- They control for individual demographics and socioeconomics by comparing similar individuals
- They control for overall trends in the K-12 system and in society and the economy by comparing test scores, educational attainment, or earnings of individuals at the same point in time.
- These studies typically compare one treatment group of whom 100% or close to 100% participated in the pre-K program being studied, versus a comparison group in which few or none participated in that pre-K program, whereas aggregate studies of a state typically compare less extreme changes in pre-K participation.
Because these studies of individual outcomes have these better much better controls for demographics, socioeconomics, and social and educational trends, and have much larger independent variation in pre-K participation, they can provide more statistically precise and reliable estimates of the effects of pre-K programs.
We might also consider studies of states, but instead consider studies that include many states, not just one state versus the nation. For example, I have pointed out before that estimates suggest that variations across states in state pre-K enrollment appear to be statistically associated with increases in NAEP scores that are large enough to predict a high benefit-cost ratio for pre-K, and are of a similar size to estimates that compare individual pre-K participants versus non-participants.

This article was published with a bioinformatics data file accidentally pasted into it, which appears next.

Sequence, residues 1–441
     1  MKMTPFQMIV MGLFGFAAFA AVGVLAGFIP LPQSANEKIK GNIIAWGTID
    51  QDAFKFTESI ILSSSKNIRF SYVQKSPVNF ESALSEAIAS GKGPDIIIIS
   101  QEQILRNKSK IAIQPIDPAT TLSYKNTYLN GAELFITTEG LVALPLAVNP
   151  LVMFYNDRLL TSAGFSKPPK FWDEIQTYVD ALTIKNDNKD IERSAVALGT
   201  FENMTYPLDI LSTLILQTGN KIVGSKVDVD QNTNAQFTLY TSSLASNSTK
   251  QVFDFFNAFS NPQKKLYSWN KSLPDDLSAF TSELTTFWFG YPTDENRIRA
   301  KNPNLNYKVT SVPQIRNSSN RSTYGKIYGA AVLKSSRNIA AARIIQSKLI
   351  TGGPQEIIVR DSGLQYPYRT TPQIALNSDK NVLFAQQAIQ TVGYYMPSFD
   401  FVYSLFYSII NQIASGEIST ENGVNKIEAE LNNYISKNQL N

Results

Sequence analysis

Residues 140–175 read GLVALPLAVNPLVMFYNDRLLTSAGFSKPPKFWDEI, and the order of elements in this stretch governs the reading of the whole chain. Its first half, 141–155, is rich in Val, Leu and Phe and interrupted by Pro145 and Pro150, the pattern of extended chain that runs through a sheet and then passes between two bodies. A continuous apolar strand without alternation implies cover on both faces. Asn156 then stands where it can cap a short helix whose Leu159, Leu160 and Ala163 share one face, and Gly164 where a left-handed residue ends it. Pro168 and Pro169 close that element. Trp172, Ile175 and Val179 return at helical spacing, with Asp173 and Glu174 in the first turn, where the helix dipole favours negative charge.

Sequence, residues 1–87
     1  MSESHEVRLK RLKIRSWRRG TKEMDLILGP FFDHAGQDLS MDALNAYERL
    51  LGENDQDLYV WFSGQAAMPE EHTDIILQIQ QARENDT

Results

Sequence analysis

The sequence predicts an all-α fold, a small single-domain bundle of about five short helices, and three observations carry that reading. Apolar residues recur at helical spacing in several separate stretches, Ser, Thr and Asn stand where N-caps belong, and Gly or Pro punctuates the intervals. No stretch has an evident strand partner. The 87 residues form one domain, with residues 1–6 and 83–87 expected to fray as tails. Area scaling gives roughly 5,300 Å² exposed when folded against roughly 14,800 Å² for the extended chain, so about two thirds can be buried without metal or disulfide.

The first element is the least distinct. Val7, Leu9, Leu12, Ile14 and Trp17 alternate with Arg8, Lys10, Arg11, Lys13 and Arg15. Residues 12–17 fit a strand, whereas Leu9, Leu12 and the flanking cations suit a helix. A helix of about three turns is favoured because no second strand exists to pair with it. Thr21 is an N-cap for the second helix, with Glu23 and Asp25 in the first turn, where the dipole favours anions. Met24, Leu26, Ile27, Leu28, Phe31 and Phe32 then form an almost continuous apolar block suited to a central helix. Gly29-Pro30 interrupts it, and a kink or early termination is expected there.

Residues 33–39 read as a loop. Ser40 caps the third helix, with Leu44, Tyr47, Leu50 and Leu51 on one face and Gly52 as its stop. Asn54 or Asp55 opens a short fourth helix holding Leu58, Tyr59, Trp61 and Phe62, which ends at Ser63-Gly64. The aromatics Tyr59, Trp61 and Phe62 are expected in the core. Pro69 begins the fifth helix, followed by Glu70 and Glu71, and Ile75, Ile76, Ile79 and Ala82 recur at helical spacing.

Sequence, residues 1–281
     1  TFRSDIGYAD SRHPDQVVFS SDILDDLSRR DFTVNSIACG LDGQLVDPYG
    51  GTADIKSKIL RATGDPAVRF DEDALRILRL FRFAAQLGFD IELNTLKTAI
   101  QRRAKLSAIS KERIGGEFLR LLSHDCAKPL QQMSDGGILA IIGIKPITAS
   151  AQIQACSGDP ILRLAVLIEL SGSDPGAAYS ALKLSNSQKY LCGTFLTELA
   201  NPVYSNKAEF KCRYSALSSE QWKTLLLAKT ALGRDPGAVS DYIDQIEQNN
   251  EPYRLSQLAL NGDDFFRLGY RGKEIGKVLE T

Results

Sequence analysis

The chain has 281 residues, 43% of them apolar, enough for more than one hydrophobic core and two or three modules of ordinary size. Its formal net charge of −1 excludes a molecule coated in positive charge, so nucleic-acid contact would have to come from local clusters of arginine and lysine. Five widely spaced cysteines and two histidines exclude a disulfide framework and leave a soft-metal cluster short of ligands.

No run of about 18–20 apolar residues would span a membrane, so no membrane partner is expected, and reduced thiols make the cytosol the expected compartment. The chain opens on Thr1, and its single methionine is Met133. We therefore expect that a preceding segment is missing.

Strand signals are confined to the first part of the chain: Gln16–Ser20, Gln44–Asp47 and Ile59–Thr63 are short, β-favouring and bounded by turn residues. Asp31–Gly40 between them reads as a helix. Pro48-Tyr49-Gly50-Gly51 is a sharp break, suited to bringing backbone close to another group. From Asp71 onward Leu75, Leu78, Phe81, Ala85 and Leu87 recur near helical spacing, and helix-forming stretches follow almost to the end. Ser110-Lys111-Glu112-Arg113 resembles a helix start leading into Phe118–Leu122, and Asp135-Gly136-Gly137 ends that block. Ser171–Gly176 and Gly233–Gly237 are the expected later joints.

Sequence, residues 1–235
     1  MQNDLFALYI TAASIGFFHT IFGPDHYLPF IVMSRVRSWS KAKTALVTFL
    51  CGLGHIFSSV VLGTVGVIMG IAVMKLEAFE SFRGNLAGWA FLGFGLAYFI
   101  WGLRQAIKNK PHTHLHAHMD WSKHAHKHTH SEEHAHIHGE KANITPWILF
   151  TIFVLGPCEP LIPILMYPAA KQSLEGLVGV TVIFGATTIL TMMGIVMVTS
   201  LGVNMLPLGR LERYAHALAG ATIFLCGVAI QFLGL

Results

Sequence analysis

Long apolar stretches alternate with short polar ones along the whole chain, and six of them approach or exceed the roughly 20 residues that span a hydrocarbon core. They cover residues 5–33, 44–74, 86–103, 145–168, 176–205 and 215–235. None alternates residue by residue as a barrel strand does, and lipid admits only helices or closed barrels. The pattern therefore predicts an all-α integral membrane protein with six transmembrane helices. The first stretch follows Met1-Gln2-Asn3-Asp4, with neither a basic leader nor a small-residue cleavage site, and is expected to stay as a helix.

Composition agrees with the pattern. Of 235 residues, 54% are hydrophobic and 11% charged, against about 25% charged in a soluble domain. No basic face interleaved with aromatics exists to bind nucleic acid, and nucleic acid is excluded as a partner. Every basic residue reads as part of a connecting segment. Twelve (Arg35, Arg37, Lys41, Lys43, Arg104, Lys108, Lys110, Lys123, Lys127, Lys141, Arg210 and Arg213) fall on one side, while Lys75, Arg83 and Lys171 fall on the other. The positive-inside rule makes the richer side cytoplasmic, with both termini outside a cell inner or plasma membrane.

The bottom line is that a case study of one individual state simply does not produce very precise statistical evidence for or against the effects of any social, educational or economic intervention.
But human beings love anecdotes about individuals, communities or states. Regardless of our politics, we like to use an individual case study to support our prior beliefs about the way the world works. Both conservatives and liberals do this.
A recent example of the use of case study evidence is a New York Times’ opinion piece comparing Minnesota’s economy and politics to Wisconsin’s economy and politics. As the opinion piece points out, Minnesota’s economy has recently done better than Wisconsin’s economy. And Minnesota’s politics have been controlled more by Democrats, whereas Wisconsin’s have been controlled more by Republicans.